Said Prof Cook: "Back then, we did not have the testing capacity we have now, we didn't have all the adjuncts to our contact tracing (TraceTogether and SafeEntry) we have now, and mask wearing was not mandated."
Professor Dale Fisher, a senior infectious diseases expert at the National University Hospital, agreed. "Measures such as masking, safe distancing and limiting the size of gatherings are key to opening our borders."
He said that while opening up to visitors is not without risks, "it is not a risk without benefit". "In fact, it's a small risk with huge benefit. I am confident Singapore can manage extra cases if they occur."
Professor Leo Yee Sin, executive director of the National Centre for Infectious Diseases, said Singapore has been able to keep community cases low on account of "the effort and cooperation of everyone in the community".
Countries with less strict measures and are open to travel continue to see a large number of daily infections and deaths.
Prof Leo said relaxing border controls and other measures "must be calibrated with the ability to cushion the downside".
Countermeasures must also be in place and rolled out quickly if required. These include tweaking border controls should numbers surge.
Prof Cook said the impact of allowing freer travel with partner countries depends on three factors: how many people arrive in a day, what is the incidence in the source country, and what fraction of infected travellers is filtered out through border measures.
"If we're only admitting a handful of businessmen or women, or visiting dignitaries, then we can accept a more porous net. If we're hoping for mass tourism with tens or hundreds of thousands of travellers a day, then we need a net that will catch cases more thoroughly," he said.
However, even with no quarantine required, Singapore is unlikely to see a flood of tourists, given the cost of the test, which is about $200 here.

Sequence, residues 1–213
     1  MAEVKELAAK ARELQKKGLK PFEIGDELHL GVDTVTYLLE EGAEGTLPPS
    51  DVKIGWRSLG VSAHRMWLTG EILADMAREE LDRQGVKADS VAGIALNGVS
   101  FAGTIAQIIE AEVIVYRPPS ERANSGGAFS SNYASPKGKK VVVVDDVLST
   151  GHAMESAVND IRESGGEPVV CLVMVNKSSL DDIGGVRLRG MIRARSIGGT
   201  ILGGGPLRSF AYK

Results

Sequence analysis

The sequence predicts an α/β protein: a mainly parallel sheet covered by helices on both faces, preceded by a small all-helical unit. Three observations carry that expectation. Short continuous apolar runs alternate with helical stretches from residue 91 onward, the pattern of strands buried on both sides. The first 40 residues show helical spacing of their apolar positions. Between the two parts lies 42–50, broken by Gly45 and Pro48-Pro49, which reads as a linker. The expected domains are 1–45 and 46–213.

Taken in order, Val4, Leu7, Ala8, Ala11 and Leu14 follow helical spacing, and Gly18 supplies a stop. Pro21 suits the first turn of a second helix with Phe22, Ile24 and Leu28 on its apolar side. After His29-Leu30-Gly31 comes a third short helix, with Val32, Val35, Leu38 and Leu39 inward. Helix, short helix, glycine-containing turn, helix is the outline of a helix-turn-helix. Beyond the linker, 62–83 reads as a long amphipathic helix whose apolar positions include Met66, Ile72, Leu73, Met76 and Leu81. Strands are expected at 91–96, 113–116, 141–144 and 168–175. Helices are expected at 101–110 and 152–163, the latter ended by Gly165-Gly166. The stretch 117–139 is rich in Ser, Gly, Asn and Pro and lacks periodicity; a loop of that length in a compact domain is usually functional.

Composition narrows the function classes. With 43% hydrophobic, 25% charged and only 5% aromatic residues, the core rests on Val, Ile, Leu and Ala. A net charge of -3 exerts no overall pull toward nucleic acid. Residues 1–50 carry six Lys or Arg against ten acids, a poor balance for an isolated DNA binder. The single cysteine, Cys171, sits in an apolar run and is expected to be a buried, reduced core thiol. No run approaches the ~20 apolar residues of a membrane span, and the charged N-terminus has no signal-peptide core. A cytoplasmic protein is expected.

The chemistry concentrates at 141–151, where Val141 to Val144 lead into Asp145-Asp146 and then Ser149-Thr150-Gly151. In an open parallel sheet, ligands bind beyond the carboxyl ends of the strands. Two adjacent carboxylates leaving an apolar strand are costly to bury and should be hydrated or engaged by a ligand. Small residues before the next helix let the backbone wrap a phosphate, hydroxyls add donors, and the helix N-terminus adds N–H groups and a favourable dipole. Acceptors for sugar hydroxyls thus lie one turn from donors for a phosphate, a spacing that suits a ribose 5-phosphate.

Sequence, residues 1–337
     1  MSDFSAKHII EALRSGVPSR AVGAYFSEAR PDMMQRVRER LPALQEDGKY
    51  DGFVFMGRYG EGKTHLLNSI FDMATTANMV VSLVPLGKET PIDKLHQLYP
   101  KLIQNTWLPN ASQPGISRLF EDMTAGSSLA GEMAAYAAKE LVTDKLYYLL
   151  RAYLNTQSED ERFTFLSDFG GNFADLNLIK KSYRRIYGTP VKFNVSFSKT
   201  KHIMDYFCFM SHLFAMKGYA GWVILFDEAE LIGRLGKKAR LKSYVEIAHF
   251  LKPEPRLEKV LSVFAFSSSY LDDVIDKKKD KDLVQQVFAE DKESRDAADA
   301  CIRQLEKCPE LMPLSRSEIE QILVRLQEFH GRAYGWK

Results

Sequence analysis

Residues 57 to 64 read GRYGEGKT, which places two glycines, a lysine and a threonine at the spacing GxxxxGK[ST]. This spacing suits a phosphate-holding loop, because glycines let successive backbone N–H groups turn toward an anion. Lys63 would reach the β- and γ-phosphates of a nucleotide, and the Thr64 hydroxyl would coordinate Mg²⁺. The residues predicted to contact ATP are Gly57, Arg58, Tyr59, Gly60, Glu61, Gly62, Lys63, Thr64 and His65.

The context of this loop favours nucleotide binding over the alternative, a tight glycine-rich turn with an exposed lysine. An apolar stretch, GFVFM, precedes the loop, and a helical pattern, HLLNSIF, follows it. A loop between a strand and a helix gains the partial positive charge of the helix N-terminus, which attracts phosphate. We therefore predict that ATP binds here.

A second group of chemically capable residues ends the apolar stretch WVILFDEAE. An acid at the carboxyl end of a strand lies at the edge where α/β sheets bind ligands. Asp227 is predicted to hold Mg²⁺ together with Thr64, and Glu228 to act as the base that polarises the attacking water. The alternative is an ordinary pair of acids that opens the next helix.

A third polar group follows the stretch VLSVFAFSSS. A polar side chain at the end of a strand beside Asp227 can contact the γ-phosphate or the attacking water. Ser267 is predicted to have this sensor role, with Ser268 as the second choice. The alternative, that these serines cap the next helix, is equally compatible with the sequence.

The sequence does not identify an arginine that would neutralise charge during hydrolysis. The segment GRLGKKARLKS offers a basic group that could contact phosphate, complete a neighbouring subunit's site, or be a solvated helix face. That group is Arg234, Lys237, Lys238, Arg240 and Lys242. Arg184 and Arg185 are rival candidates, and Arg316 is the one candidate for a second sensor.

Since Sept 1, visitors from Brunei and New Zealand have been allowed in without quarantine requirements, but there has been no large influx so far. They have not reciprocated the arrangement for Singaporeans wanting to go there.
Singapore is also setting up a travel bubble with Hong Kong. This is a two-way agreement, and unlike green lane arrangements with some countries, allows for unstructured leisure travel.
The Government is also indirectly encouraging people here to travel by providing free Covid-19 tests on their return and subsidised treatment, as well as insurance coverage should they be infected.
Previously, when travel was discouraged, those who left Singapore after March 26 had to pay the full cost of any Covid-19 infection diagnosed within 14 days of their return. Their treatment was also not covered by their health insurance.
As some of the experts noted, how successful the relaxation of travel curbs proves to be in safely boosting the economy will depend on people's willingness to travel while the pandemic is raging, and on people here strictly adhering to protective measures to prevent a massive outbreak.
But one thing is clear: It will not be exactly like old times.
As Prof Leo said: "It is important to mentally prepare that life will not be the same as before Covid-19."